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Tropes of Love in German Jewish Culture
In Mixed Feelings, Katja Garloff asks what it means for literature (and philosophy) to use love between individuals as a metaphor for group relations.
Books, Literature, and the Culture of Consumption in Germany, 1770–1815
Matt Erlin considers books and the culture around books during this period, focusing specifically on Germany where literature, and the fine arts in general, were the subject of soul-searching debates over the legitimacy of luxury.
The European Novel and the German Book, 1680–1730
Wiggins charts just one of the paths by which newness—in its avatars as fashion, novelties, and the novel—entered the European world in the decades around 1700. As readers across Europe snapped up novels, they domesticated the genre.
On the Ruins of Babel
Architectural Metaphor in German Thought
Purdy traces the use of architectural reasoning as a method for critically examining consciousness from Kant and Hegel to Benjamin and Libeskind.
Paradigms for a Metaphorology
What role do metaphors play in philosophical language? Are they impediments to clear thinking that should be eradicated in the interests of terminological exactness? Or can they be used by philosophers to indicate the attitudes that regulate an epoch?
Repentance for the Holocaust
Lessons from Jewish Thought for Confronting the German Past
In Repentance for the Holocaust, C. K. Martin Chung develops the biblical idea of "turning" (tshuvah) into a conceptual framework to analyze a particular area of contemporary German history, commonly referred to as Vergangenheitsbewältigung or “coming to terms with the past.”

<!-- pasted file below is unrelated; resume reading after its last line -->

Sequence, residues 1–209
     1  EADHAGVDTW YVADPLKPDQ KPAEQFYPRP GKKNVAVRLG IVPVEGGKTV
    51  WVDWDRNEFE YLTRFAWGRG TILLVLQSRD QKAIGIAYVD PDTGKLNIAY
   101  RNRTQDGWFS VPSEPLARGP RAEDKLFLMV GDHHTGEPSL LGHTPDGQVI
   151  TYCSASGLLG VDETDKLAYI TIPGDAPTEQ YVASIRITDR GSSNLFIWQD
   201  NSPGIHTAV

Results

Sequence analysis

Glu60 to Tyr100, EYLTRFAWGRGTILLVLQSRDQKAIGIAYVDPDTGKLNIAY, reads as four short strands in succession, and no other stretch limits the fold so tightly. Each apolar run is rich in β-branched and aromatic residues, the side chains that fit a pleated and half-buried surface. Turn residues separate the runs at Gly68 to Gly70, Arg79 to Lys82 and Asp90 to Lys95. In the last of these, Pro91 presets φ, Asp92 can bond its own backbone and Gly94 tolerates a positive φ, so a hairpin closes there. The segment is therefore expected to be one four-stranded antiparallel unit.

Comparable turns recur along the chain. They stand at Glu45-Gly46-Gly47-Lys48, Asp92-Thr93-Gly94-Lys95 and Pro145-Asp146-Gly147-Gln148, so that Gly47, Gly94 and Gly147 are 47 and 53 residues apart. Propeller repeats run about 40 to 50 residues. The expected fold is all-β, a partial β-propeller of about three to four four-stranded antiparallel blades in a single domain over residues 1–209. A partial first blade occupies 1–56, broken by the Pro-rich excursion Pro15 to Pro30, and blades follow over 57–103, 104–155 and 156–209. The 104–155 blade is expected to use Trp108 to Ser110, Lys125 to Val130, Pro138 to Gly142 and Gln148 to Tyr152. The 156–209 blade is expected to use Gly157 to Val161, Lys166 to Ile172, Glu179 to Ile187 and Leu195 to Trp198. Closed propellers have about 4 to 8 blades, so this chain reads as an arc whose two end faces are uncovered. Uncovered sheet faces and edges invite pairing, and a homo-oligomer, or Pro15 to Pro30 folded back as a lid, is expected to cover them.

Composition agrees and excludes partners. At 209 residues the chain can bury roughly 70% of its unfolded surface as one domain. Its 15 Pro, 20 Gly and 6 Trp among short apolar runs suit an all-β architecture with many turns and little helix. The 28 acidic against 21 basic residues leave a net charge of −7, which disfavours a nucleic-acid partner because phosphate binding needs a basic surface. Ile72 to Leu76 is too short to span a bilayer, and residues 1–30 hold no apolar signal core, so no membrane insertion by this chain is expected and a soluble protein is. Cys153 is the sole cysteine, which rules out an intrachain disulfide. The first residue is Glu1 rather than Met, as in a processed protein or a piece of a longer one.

Sexual Politics and Feminist Science
Women Sexologists in Germany, 1900–1933
In Sexual Politics and Feminist Science, Kirsten Leng restores the work of female sexologists to the forefront of the history of sexology. While male researchers who led the practice of early-twentieth-century sexology viewed women and their sexuality as objects to be studied, not as collaborators in scientific investigation, Leng pinpoints...
Speaking the Unspeakable in Postwar Germany
Toward a Public Discourse on the Holocaust
In this an interdisciplinary study of a diverse set of public speeches given by major literary and cultural figures in the 1950s and 1960s, Sonja Boos demonstrates that these speakers both facilitated and subverted the construction of a public discourse about the Holocaust in postwar West Germany.
The Topography of Modernity
Karl Philipp Moritz and the Space of Autonomy
Elliott Schreiber explores Karl Philipp Moritz's many contributions to the intellectual evolution of the Enlightenment and positions the German thinker as an incisive early observer and theorist of modernity.
The Total Work of Art in European Modernism
Situating the Gesamtkunstwerk at the heart of European modernism.